Another factor that shops need to take into account is exclusivity. If a discount online is really appealing and time-limited (the clock is ticking in every Black Friday e-mail), they are tempted to use it. A 5% discount very often won’t be found impressive — and an exclusive 30% while stocks last sounds more attractive.

6. Is it finally the year of mobile?

Just a few statistics to prove it.

  • Salesforce.com found that 54% of all digital orders on Thanksgiving were made from a mobile device, a 47% increase from a year ago, and 68% of all digital traffic came from mobile devices.
  • According to the survey (among 8000 stores in 33 European countries) provided by Clearhaus, 22% of transactions were made on smartphones and 8% on tablets.
  • According to Adobe, Black Friday purchases made on smartphones reached $2.1 billion and 33,5% of online Black Friday sales.

It is believed that not only the availability of phones, technology and the internet but also the optimization of shops on mobile devices is one of the reasons for such a leap. Online stores are better prepared for the shopping madness and offer better user experience, and this reflects in traffic and sales. Mobile devices play the role of transmitters between shops and clients – according to Adobe, consumers nearly doubled their buy online, pick up in-store orders.

Underestimating the power of mobile purchases and therefore not preparing the shop for a few intensive days can cost a lot of money. Responsive web design, user-friendly purchasing process, and discounts have to go along.

7. Better offer a better experience.

Black Friday is not a newbie in the calendar and shops should be prepared for extraordinary traffic. Unfortunately, it seems that not all of them learned their lesson, and now some of them need to accept their income losses due to higher online store traffic.

Technical issues were all around. Shoppers have such a variety of offers that day, that they won’t be refreshing a site all over again. Limiting services, slow-loading pages, 404 errors, lack of updating inventory levels can cause a disaster.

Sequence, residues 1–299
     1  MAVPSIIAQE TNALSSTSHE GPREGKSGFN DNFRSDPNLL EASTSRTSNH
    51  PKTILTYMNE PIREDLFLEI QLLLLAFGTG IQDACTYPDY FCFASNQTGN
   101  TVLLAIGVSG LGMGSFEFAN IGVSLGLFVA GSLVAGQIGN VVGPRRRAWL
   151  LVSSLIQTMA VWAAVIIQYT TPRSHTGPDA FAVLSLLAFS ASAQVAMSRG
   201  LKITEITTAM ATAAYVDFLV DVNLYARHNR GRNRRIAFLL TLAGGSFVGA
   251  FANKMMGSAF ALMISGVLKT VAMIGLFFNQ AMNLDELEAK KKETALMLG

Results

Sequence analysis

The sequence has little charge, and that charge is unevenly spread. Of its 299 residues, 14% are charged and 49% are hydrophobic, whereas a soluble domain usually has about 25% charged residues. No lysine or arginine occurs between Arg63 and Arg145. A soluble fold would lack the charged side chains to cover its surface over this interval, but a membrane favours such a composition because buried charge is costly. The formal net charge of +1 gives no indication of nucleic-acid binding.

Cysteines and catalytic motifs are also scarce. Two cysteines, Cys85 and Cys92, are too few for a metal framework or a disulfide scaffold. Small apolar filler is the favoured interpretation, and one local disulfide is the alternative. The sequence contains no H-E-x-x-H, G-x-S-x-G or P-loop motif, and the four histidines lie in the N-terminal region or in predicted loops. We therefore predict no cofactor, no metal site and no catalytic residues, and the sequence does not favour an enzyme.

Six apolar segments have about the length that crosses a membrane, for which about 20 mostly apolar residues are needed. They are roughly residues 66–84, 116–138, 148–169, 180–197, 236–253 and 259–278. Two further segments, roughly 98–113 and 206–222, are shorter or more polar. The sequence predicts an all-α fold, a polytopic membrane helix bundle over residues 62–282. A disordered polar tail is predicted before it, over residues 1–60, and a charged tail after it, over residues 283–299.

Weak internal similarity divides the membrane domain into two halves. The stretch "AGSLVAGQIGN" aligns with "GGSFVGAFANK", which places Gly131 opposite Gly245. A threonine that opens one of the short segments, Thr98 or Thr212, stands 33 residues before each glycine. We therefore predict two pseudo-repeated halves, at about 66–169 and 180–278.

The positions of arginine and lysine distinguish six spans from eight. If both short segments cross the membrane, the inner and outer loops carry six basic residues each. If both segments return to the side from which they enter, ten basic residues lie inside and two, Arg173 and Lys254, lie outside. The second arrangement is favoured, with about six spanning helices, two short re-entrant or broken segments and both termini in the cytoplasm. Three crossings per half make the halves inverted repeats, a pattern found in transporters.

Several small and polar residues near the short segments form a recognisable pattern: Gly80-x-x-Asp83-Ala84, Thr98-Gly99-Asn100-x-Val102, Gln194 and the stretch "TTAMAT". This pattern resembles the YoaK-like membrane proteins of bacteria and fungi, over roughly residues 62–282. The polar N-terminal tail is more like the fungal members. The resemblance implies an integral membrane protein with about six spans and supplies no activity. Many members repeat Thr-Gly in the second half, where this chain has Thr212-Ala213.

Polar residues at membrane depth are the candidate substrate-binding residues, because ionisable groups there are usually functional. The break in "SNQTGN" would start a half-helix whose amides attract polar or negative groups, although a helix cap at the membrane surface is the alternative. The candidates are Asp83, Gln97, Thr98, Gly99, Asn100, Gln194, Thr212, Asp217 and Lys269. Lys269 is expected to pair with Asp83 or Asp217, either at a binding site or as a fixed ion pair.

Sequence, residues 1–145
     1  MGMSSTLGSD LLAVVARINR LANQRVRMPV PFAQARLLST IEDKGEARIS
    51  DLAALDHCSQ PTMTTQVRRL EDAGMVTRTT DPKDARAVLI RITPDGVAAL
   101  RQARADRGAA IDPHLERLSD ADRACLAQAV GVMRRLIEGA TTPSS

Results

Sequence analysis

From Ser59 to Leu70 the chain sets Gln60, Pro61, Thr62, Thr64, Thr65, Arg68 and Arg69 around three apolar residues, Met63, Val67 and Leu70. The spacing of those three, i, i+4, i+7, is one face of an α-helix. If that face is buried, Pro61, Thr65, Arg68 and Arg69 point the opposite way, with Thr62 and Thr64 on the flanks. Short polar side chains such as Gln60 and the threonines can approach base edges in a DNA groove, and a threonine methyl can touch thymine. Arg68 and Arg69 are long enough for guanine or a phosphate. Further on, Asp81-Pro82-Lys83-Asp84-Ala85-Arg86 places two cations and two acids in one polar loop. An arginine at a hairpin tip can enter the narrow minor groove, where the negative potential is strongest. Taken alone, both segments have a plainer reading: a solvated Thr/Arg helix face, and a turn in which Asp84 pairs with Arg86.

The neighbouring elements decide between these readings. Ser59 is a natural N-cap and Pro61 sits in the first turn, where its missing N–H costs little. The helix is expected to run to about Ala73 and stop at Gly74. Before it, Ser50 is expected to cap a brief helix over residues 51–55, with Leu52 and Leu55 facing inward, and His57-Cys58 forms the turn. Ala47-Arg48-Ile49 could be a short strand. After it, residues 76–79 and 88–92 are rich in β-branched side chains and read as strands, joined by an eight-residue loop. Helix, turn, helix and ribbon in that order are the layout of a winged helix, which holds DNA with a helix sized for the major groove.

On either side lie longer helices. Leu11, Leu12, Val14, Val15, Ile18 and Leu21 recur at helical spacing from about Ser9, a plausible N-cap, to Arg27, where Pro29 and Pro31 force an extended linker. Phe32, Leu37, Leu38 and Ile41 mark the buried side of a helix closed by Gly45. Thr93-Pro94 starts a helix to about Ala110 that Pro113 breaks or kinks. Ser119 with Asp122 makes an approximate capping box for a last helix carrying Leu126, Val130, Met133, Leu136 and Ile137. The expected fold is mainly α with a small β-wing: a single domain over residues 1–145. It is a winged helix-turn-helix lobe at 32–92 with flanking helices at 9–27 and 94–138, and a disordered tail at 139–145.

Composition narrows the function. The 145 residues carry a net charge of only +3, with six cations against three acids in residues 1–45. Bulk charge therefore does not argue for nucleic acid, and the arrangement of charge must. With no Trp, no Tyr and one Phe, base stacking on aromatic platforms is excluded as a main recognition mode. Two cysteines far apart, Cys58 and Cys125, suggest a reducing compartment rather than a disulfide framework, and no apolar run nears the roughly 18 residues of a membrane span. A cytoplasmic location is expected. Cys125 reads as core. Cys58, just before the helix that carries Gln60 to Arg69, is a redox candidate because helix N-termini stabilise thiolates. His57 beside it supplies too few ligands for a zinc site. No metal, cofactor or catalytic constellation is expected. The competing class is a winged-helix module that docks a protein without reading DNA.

A downtime on Amazon on Prime Day cost them almost $73 million due to Internet Retailer’s estimations and each downtime second cost them nearly $680: and obviously, thousands of complaints, e-mails, and comments on social media. Big fish simply can’t afford this hassle and they should do all they can to eliminate the possibility.

EXTRAS

German Black Friday

Black Friday Germany

source: Black Friday Global

The Black Friday phenomenon is already very recognized in Germany. Nearly 90% of Germans know what stands behind the Black Friday idea. Over the past 5 years, the average growth of interest of Black Friday in Germany was 900% while the average global growth of interest was “only” 117%.

Do Germans buy a lot on Black Friday? It seems the atmosphere of looking for deals is well adapted here. In comparison to regular Friday, on the Black Friday sales increase by 2106% in Germany. On average the discount in Germany is 54%, which is close to global 55%.

Shopping hours in Europe can be strictly regulated by some countries’ law, so stores in Germany are closed on Sunday, but that didn’t stop retailers from offering significant discounts and transferring sales to the world of online. Including a countdown to Black Friday in promotional e-mails or on websites is one of the ways of getting client’s attention.

 

However, not every store wants to take part in it. For example, DM, a chain of retail stores, celebrated a “Giving Friday” instead. The idea was to give 5% of profit that day to educational projects for children and young people.

http://glamzeit.de/2017/11/22/giving-friday-black-box-dm/

Chinese Black Friday

The biggest surprise when it comes to shopping statistics in 2018 so far can be the Single’s Day in China which brought more profit then Black Weekend in all other countries together. It’s celebrated on the 11th of November, and it had begun as an anti-Valentine’s Day joke, when in fact it turned out to be a shopping fiesta. In 2018, it was another record-breaker event with $30.8 billion in sales.

As people are well aware now about the Black Friday madness in November, they often plan their shopping sprees ahead of time to purchase everything they needed.

It’s a consumerism fiesta. Some brands try to do good deeds out of it, that can appeal to some customers, who also want to contribute to charity activities. It’s a trend that is already noticeable in the U.S., but it’s also spreading around the world.

Shoppers expect more deals and more significant discounts, and once you get into it as a retailer, you will never look back.